Up until Saturday morning, I had never heard of Adnan Januzaj. All of a sudden, he was subbing in for Manchester United, playing left wing, feinting, dribbling, drawing defenders to him, then distributing the ball toward goal.
He has just turned 19.
Listening to the very good British broadcasters, I deduced that this stripling was born in Belgium, with roots in Albania….and Turkey…and Serbia.…and even Kosovo, if Kosovo had a full international team.
The broadcasters seemed to hope that since the young man had been playing at the Man U club for three years he might have some kind of residence eligibility for England. Probably not, but one can understand their hopefulness.
Personally, I tried to remember if the Emma Lazarus poem, The New Colossus, (“Give me your tired, your poor….”) had any reference to your nimble-of-feet, but a quick scan suggests it does not.
Still, wouldn’t it be nice for the U.S. if it could produce just one kid with a touch like that? I suspect that if an American kid started juking around like that, Coach, on the sidelines would scream, “Cut the cute stuff!” Probably the Man U coaches do, too. But coaches cannot totally wring balance out of a kid.
Couldn’t the U.S. go out and borrow somebody like Adnan Januzaj from a more advanced soccer culture?
It’s been trying. The U.S. has qualified for seven straight World Cups with the help of solid recruits with an American parent, like Earnie Stewart (Netherlands) and Thomas Dooley (Germany). The hunt has intensified under Jürgen Klinsmann, with his ties to Germany.
To date, the best recruit has been Jermaine Jones, a swaggering, broad-shouldered enforcer who reminds me of Charles Oakley, the hit man of the great Knicks basketball teams of the ‘90’s. Jones doesn’t smile as much as Oak did, but he does hit people. Every team needs one. Jones makes the U.S. better because no opponent wants to go near him. He learned that in the Bundesliga.
But where is the player with the shiftiness of a Gale Sayers jitterbugging to the outside in American football, faking inside, going outside, hips swiveling?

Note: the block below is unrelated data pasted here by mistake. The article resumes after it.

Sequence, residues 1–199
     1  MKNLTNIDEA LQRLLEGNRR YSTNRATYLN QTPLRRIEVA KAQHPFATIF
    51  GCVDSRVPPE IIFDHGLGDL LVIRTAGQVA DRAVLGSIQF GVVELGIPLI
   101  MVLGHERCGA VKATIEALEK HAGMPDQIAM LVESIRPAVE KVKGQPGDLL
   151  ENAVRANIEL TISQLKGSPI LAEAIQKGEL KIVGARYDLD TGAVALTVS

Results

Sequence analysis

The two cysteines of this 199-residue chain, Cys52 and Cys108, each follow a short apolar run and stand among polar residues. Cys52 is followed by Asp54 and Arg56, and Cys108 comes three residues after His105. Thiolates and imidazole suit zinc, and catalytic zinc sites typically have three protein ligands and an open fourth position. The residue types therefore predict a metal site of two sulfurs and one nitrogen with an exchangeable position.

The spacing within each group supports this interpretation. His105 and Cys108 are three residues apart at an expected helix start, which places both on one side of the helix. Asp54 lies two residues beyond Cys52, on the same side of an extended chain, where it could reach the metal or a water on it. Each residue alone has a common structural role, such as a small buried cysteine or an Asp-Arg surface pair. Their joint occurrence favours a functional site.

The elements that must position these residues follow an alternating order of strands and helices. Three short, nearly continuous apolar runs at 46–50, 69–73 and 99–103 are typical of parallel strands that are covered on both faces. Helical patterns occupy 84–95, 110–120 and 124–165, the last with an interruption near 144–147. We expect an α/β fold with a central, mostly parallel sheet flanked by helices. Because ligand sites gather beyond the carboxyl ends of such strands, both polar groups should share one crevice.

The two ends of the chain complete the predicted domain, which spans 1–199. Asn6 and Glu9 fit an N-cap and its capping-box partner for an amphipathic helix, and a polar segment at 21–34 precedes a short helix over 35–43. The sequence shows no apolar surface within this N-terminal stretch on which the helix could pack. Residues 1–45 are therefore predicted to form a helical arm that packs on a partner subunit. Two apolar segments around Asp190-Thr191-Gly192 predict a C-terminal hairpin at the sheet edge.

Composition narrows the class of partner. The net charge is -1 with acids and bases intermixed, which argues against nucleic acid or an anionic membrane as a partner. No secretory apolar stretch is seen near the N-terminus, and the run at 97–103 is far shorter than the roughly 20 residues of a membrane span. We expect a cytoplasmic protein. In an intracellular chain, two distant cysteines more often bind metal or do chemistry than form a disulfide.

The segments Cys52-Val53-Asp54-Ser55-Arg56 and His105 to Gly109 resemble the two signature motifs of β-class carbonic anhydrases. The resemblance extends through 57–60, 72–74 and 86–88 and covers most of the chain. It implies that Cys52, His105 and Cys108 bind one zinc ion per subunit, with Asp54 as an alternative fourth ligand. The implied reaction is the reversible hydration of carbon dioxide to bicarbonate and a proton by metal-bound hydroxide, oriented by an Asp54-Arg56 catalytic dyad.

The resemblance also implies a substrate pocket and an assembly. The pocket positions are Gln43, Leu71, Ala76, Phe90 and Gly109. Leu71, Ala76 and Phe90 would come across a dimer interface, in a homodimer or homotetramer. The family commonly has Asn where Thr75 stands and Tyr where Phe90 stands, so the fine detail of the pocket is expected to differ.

Now the U.S. is going back to the supply depot. On Wednes- day evening, it will unveil Julian Green, all of 18, who has come along in the great system of Bayern Munich but has not yet been scooped up for the German national team. Born in Florida, son of an American soldier, Green had the choice of soccer nationalities, and he has gone with the U.S. He would not be in uniform Wednesday if Klinsmann did not think he could play up front in this June’s World Cup in Brazil.
This bold move suggests Klinsmann does not think Landon Donovan, Jozy Altidore and Clint Dempsey – who helped produce the epic 91st-minute goal against Algeria in 2010 – can approach 2010 form in the Group of Death this June.
Klinsmann has a contract through 2018. So, essentially, does Julian Green.
Wednesday’s game against Mexico, in Glendale, Ariz., will begin at 11:15 pm eastern time.
Speaking of Mexico, the aforementioned Adnan Januzaj turned the corner and set up Chicharito (Javier Hernández of Mexico) for the fourth goal by Man U on Saturday.
That’s Januzaj, No. 44, coming from the left. He’s 19. And he’s Belgian, or Albanian….but no matter what Emma Lazarus wrote, he is not American.
Measuring Covid Deaths, by David Leonhardt. July 17, 2023. NYT online.
The United States has reached a milestone in the long struggle against Covid: The total number of Americans dying each day — from any cause — is no longer historically abnormal….
After three horrific years, in which Covid has killed more than one million Americans and transformed parts of daily life, the virus has turned into an ordinary illness.